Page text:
What is Epigenetics technical articles are geared towards epigenetic research techniques, news, and trends in the field of epigenetics, written by scientists from universities and institutions including UCLA, Hofstra, NIH, Johns Hopkins, and more.
Explore in detail new epigenetic research techniques and tips for topics like next-generation sequencing (NGS) in epigenetics, m6A RNA methylation, CRISPR/Cas9 system epigenetic editing, chromatin immunoprecipitation (ChIP) protocol optimization, and single-cell epigenomics methods.
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To form chromatin, DNA is tightly wrapped around nuclear proteins called histones. The repeating DNA-histone complex, which consists of 146 base pairs of double-stranded DNA wrapped around eight core histone proteins (H2A, H2B, H3 and H4), is called a nucleosome. Histone proteins are involved in structural organization of chromatin in eukaryotic cells. They can undergo various posttranslational modifications (PTMs) such as methylation/demethylation and acetylation/deacetylation, which can alter their interaction with DNA and nuclear proteins resulting in remodeling of chromatin structure [more…]
In human DNA, 5-methylcytosine is found in approximately 1.5% of genomic DNA. In somatic cells, 5-mC occurs almost exclusively in the context of paired symmetrical methylation of a CpG site. An exception to this is seen in embryonic stem (ES) cells, where a substantial amount of 5-mC is also observed in non-CpG contexts. In the bulk of genomic DNA, most CpG sites are heavily methylated while CpG islands (sites of CpG clusters) in germ-line tissues and located near promoters of [more…]
Scientists from Japan developed methylation-specific fluorescence in situ hybridization (MeFISH) for microscopic visualization of DNA methylation status at specific repeat sequences in individual cells. MeFISH is based on the differential reactivity of 5-methylcytosine and cytosine in target DNA for interstrand complex formation with osmium and bipyridine-containing nucleic acids (ICON). Cell nuclei and chromosomes hybridized with fluorescence-labeled ICON probes for mouse major and minor satellite repeats were treated with osmium for crosslinking. After denaturation, fluorescent signals were retained specifically at satellite [more…]
San Diego-based Illumina, Inc. doubles the sequencing output of its benchtop sequencer MiSeq to 15 gigabases (Gb) by increasing the number of sequencing reads to up to 25 million reads and overall read length to up to 2×300 base pairs. Subsequently, researchers can perform additional new applications on the MiSeq, including exome sequencing. Transcriptome applications such as mRNA sequencing can be supported now as well. Increased paired-end read lengths also improves the quality of genome assemblies, thereby advancing applications that [more…]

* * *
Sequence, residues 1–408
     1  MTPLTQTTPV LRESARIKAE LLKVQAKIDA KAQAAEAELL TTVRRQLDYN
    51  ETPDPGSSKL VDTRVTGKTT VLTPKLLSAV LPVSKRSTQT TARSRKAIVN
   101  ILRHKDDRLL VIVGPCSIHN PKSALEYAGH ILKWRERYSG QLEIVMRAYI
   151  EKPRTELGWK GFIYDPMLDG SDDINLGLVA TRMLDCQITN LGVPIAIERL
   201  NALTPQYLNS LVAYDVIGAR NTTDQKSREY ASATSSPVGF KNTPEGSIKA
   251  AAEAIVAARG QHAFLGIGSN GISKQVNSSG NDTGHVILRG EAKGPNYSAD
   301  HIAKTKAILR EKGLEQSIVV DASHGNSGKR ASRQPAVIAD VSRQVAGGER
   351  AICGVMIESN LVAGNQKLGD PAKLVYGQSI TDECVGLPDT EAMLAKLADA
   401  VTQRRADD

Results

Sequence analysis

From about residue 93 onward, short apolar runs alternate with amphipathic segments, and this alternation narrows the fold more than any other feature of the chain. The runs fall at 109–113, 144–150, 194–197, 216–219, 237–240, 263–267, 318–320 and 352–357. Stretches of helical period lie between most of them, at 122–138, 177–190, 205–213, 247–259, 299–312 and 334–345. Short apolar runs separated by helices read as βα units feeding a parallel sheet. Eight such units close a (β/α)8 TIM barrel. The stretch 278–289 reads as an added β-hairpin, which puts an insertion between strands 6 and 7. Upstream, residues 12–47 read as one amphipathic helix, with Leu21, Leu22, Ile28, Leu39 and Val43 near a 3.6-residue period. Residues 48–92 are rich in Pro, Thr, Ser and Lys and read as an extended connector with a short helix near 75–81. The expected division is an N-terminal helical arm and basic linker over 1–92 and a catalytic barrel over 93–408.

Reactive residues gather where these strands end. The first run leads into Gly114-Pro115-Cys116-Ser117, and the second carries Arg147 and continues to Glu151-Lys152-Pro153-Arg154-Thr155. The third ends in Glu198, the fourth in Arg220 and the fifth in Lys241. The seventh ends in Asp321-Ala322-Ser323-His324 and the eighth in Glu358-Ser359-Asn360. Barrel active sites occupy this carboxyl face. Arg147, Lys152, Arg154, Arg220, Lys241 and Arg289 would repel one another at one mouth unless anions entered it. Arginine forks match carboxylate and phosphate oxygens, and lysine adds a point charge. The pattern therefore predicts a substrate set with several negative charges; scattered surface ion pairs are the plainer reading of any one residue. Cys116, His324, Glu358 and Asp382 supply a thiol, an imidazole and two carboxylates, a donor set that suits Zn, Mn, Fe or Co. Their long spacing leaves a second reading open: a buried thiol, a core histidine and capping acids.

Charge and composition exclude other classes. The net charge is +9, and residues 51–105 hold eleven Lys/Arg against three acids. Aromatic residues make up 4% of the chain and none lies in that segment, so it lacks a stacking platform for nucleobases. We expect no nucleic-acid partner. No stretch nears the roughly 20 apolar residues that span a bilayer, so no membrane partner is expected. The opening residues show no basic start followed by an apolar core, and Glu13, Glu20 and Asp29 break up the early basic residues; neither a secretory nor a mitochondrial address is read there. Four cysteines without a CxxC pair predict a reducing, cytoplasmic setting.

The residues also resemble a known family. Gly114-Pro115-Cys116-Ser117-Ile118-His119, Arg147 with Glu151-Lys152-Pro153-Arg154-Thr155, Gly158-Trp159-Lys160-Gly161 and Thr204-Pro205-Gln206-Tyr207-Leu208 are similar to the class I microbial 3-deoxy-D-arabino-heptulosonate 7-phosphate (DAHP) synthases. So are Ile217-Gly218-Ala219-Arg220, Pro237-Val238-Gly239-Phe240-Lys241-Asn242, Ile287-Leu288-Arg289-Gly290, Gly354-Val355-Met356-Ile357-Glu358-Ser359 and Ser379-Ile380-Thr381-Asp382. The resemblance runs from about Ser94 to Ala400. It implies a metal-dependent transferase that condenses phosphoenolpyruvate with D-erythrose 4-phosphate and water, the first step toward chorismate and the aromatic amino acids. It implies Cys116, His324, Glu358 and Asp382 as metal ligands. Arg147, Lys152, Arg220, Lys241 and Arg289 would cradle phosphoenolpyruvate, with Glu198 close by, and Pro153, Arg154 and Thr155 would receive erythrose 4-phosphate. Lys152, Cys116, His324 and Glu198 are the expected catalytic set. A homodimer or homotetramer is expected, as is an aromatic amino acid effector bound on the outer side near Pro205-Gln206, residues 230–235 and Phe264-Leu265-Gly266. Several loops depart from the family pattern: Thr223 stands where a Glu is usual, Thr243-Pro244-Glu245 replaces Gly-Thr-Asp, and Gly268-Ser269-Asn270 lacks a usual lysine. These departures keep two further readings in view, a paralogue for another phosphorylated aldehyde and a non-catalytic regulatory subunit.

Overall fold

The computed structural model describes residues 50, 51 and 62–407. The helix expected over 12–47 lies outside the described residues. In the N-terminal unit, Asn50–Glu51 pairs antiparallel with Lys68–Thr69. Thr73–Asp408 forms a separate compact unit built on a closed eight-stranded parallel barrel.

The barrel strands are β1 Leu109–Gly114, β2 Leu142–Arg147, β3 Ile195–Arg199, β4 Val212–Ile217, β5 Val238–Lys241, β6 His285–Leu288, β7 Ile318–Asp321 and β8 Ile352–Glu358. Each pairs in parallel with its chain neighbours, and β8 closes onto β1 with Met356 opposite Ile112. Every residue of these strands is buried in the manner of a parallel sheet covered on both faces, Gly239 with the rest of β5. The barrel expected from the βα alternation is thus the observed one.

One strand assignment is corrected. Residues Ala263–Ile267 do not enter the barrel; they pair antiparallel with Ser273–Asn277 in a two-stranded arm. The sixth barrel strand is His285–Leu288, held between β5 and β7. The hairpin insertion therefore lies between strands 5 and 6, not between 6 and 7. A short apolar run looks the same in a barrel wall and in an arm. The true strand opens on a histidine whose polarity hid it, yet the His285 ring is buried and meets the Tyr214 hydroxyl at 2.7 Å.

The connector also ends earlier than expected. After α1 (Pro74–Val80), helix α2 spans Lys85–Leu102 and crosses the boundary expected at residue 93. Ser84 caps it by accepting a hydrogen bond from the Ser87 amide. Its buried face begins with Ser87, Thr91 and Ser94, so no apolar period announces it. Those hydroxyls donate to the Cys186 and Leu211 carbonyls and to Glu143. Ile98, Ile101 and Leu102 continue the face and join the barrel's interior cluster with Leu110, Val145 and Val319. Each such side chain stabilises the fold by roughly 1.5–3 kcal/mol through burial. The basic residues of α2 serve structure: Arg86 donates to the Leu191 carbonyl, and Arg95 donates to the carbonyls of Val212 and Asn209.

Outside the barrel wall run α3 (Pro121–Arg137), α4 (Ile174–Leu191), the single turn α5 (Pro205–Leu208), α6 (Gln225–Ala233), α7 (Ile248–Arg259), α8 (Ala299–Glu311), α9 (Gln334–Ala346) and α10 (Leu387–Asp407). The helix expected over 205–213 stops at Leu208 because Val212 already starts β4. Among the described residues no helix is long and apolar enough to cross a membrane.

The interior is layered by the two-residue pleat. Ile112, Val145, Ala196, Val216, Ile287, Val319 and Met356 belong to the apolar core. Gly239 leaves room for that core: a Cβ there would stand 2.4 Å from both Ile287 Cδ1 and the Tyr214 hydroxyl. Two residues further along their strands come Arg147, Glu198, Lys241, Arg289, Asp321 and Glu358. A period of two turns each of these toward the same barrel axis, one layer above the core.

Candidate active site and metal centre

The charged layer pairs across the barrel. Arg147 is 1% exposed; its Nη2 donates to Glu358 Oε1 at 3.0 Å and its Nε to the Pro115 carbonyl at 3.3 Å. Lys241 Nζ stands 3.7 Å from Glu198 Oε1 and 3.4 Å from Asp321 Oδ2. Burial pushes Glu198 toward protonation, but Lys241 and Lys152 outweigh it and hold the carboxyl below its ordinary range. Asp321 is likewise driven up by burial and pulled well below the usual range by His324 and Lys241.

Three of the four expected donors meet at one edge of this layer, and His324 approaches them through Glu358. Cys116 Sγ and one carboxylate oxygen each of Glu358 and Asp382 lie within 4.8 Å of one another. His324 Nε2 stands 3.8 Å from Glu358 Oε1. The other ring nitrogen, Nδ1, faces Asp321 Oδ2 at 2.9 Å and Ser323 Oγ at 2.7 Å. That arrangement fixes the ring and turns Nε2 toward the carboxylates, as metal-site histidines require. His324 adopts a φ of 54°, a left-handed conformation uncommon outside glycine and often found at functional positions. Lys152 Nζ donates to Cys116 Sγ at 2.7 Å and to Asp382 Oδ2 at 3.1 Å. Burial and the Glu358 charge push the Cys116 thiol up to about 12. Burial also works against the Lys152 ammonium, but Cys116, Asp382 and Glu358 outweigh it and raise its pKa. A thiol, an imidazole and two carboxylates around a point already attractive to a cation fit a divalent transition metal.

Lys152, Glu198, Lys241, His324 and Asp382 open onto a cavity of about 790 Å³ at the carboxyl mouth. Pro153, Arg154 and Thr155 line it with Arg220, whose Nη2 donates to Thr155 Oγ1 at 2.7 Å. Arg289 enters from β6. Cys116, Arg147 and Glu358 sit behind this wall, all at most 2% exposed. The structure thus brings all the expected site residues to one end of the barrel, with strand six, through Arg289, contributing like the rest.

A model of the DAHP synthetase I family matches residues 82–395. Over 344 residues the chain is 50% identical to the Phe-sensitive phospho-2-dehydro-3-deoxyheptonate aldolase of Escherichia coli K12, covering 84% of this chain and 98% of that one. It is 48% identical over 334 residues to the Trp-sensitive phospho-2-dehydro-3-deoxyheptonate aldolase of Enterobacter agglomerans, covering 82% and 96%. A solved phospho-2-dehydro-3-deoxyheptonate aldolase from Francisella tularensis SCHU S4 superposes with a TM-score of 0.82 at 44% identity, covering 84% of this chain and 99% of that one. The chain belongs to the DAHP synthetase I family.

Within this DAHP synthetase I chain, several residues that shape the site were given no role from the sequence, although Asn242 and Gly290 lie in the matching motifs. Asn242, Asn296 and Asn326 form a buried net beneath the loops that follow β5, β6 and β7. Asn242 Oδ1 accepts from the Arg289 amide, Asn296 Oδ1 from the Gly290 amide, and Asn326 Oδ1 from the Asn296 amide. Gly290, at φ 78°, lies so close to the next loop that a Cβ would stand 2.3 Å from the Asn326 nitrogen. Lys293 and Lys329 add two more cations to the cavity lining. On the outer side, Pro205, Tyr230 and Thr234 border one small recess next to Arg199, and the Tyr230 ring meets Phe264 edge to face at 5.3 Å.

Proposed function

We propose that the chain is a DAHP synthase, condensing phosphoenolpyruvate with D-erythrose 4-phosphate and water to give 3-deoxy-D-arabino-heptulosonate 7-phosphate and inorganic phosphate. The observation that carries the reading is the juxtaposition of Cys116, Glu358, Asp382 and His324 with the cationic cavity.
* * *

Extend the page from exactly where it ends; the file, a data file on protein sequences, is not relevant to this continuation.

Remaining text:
Currently, DNA methylation is one of the most broadly studied and well-characterized epigenetic modifications associated with gene silencing. The biological importance of 5-mC as a major epigenetic modification in phenotype and gene expression has been widely recognized. DNA hypomethylation is likely caused by methyl-deficiency due to a variety of environmental influences and has been proposed as a molecular marker in multiple biological processes such as cancer. The quantification of 5-mC content or global methylation in diseased or environmentally impacted cells [more…]
Robust and versatile technologies that enable optical modulation of transcription in the mammalian endogenous genome have been difficult to achieve for a while. To solve this problem, scientists at the Broad Institute of MIT and Harvard developed light-inducible transcriptional effectors (LITEs) — an optogenetic two-hybrid system integrating the TALE DNA-binding domain with a light-sensitive cryptochrome 2 protein and its partner CIB1 from the Arabidopsis thaliana plant. LITEs can be customized to target many endogenous genomic loci and can be quickly [more…]
Scientists from Broad Institute of MIT and Harvard report in-depth analysis of 42 whole-genome bisulfite sequencing data sets across 30 diverse human cell and tissue types. This study tries to answer when, where, and how many CpGs are involved in genomic regulation. Within a normal developmental context, the scientists observed dynamic regulation for only 21.8% of autosomal CpGs, most of which are situated away from transcription start sites. These dynamic CpGs co-localize with enhancers and transcription-factor-binding sites, allowing for identification [more…]